• Premature babies who listened to two hours of Mozart each week had a lower heart rate and slept better, according to researchers at New York-Presbyterian Hospital/Weill Cornell Medical Center in New York.
  • Terminally ill patients in Australia had less anxiety, pain, and drowsiness after having a single music therapy session compared to those who did not listen to music (Journal of Palliative Medicine, May 2008).

“Other studies have shown music therapy beneficial for autism, learning disabilities, dementia, and pain management during labor and birth.”

To wrap up our fascinating trip into music therapy, I’d like to offer the following quotes:

“Music can heal the wounds which medicine cannot touch.”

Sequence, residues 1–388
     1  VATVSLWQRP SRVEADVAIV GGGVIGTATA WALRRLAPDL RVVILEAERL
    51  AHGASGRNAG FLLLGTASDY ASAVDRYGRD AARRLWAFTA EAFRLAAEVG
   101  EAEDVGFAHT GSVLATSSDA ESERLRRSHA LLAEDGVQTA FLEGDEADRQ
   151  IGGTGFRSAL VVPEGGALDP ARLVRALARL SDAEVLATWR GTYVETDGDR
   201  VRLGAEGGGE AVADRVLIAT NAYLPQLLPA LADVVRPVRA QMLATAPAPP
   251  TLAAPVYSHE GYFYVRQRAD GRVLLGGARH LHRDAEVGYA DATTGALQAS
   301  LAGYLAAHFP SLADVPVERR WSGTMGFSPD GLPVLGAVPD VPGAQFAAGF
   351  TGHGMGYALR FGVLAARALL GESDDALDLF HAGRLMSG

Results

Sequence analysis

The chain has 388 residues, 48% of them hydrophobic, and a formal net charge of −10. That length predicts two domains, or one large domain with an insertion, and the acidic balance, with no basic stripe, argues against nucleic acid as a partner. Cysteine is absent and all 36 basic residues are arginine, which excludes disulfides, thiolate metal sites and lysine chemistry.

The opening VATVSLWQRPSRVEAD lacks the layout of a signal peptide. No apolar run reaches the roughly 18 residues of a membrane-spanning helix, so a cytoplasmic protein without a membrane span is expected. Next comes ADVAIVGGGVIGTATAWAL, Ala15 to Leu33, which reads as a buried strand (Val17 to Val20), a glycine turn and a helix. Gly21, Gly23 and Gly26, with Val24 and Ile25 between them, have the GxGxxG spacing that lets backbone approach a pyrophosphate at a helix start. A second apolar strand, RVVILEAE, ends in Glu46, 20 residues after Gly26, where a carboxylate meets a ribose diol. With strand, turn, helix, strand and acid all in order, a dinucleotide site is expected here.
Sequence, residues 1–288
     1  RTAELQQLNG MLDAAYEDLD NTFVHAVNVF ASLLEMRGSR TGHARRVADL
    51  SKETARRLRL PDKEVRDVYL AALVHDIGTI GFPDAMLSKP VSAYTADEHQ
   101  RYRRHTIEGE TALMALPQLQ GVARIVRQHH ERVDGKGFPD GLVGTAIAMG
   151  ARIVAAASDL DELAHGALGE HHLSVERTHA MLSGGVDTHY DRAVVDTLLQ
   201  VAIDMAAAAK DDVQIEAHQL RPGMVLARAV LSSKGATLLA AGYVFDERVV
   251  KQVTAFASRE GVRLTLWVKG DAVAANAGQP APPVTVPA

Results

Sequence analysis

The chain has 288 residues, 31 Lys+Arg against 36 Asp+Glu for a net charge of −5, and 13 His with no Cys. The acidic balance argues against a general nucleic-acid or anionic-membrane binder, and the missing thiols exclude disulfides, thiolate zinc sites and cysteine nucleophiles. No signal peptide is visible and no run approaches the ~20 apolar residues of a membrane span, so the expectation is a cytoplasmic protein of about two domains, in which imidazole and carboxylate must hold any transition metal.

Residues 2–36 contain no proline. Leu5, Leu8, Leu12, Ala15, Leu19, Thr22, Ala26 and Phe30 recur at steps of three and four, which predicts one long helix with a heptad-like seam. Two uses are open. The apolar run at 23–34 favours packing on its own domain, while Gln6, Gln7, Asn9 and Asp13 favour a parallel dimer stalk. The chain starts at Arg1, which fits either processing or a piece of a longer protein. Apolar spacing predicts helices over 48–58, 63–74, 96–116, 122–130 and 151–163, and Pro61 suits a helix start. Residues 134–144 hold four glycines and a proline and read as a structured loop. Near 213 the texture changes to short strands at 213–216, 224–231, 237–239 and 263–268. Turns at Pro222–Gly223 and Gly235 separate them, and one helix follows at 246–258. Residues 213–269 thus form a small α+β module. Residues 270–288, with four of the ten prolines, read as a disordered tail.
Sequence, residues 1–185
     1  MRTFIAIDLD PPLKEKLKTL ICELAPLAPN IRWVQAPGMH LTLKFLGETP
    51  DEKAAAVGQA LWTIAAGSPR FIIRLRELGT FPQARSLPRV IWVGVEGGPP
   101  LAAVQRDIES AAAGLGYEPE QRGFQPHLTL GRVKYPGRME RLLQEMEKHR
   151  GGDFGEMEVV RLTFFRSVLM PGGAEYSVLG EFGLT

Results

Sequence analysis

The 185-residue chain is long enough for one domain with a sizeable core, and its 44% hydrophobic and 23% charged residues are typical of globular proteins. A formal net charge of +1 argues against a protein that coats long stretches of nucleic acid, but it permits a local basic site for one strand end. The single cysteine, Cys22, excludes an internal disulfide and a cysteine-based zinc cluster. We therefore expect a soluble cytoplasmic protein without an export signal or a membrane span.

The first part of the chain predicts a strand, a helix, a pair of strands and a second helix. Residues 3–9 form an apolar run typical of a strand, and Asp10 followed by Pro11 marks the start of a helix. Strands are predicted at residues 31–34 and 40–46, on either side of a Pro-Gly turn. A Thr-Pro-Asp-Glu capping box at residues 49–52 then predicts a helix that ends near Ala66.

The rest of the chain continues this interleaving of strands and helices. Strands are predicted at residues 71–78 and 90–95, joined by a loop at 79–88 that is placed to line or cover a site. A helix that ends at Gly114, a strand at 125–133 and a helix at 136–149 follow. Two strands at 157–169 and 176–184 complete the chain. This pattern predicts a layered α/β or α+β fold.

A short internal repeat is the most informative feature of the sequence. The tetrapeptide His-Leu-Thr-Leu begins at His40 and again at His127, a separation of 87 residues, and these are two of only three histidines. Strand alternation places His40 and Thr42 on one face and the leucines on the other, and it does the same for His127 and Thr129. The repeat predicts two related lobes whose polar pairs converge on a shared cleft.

Dr. Debasish Mridha, American physician, philosopher, poet and author

“Music brings us pleasure and releases our suffering. It can calm us down and pump us up. It helps us manage pain, run faster, sleep better and be more productive.”

Alex Doman, Entrepreneur & music producer

“Music brings a warm glow to my vision, thawing mind and muscle from their endless wintering.”

Haruki Murakami, Japanese author

“My heart, which is so full to overflowing, has often been solaced and refreshed by music when sick and weary.”

Martin Luther

“Music is one of the longest standing self prescribed therapy in history.”

Erin Seibert, Music Therapist

So rock on! Or, ya know, whatever your preferred style may be.

Blessings.

REFERENCE LIST

The Healing Power of Music, Esther Goetz Gilliland, 1944 (https://journals.sagepub.com/doi/abs/10.2307/3386692)

The Power of Music – How it can Benefit Health, Medical News Today, 2015

The Healing Power of Music, Virtues for Life, 2020

This entry was posted in Pain.